in dc immigration reform means a bigger fenceWikimediaThe latest missive from the White House, via the director of the domestic policy council, Cecilia Muñoz:

Hi, all!

This week, we got some big news about the immigration reform bill. It's a little wonky, but it's so great that I couldn't wait to share it with you.

The nonpartisan experts who estimate the financial impact of legislation for Congress concluded that because undocumented immigrants will start paying more in taxes for things like education and Social Security, the immigration proposal in the Senate will make the economy fairer for middle class families while cutting the U.S. deficit by almost $1,000,000,000,000 over the next two decades.

With every passing day, it’s becoming clear that we can’t afford not to act. Now we know exactly how much is at stake, and it's the kind of news that can help to change the policy conversation in Washington.

The e-mail continues with infographics it encourages readers to share. But what does making the process for entering and staying in the country legally have to do with the deficit?While Shikha Dalmia has explained the various economic benefits a liberal immigration policy provides and there’s nothing to suggest the CBO’s number is cooked, it’s not the whole story. The immigration reform bill being crafted in Washington doesn’t provide an amnesty or even simply liberalize immigration laws. Instead the bill is packed with new bureaucracy and spending, like billions to border security, as well as carve outs for special interests that Lindsey Graham says has them coming back for more (in a good way, he says!). A decree to be free it is not.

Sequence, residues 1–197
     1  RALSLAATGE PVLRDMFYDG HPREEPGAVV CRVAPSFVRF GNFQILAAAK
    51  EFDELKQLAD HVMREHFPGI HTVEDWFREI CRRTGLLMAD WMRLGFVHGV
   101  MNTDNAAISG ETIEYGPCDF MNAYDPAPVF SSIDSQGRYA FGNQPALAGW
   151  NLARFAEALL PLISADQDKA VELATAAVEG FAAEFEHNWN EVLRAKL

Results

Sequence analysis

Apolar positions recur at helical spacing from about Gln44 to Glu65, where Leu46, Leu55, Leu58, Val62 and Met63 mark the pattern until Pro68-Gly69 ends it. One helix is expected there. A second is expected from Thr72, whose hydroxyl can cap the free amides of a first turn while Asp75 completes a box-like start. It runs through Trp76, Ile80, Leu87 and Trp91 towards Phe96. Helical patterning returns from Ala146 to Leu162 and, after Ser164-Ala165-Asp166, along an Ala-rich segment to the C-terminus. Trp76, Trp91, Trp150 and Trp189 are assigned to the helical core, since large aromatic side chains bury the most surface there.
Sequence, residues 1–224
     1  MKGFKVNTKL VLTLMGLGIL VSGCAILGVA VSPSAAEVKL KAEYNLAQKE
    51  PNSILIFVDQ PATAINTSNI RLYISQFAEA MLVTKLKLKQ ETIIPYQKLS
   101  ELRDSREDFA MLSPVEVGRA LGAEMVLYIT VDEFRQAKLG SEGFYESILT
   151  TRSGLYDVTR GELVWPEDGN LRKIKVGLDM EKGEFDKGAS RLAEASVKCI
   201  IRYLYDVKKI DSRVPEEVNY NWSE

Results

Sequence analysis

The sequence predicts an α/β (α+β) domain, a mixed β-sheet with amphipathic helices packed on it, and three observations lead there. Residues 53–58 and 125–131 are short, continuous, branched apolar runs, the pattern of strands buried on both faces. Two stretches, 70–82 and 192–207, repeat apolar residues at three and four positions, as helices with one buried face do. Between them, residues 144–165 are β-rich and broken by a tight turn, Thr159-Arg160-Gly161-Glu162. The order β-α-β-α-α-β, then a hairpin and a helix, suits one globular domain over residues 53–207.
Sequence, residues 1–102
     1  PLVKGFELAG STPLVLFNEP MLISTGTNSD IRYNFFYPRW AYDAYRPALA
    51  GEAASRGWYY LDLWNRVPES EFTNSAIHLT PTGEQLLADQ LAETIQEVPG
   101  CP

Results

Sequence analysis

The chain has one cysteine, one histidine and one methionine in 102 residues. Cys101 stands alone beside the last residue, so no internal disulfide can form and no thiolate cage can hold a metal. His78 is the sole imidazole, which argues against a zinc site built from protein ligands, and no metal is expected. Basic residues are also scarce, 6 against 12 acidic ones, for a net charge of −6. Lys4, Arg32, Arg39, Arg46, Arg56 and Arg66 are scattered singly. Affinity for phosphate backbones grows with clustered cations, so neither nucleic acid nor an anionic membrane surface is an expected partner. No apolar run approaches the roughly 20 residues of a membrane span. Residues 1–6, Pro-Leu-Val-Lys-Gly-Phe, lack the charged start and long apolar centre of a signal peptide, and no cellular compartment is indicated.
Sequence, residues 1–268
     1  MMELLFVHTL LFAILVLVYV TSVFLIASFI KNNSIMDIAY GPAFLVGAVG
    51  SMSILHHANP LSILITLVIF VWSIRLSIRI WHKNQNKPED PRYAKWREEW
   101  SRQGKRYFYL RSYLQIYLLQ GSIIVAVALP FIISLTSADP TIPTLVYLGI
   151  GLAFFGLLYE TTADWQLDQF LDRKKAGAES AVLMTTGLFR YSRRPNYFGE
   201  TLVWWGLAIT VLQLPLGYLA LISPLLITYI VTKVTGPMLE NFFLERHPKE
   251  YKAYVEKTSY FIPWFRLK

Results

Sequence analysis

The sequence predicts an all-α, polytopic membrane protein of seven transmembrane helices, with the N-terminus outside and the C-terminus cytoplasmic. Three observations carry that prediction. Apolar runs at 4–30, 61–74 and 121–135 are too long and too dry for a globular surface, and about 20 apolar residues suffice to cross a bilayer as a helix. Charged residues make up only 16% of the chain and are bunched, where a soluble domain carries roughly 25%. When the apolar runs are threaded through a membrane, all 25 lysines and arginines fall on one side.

And if the White House was as excited about saving money as it says it is, it would’ve embraced the sequester as a starting point and demanded actual cuts on top of it, instead of crying doomsday over  mere reductions in spending increases.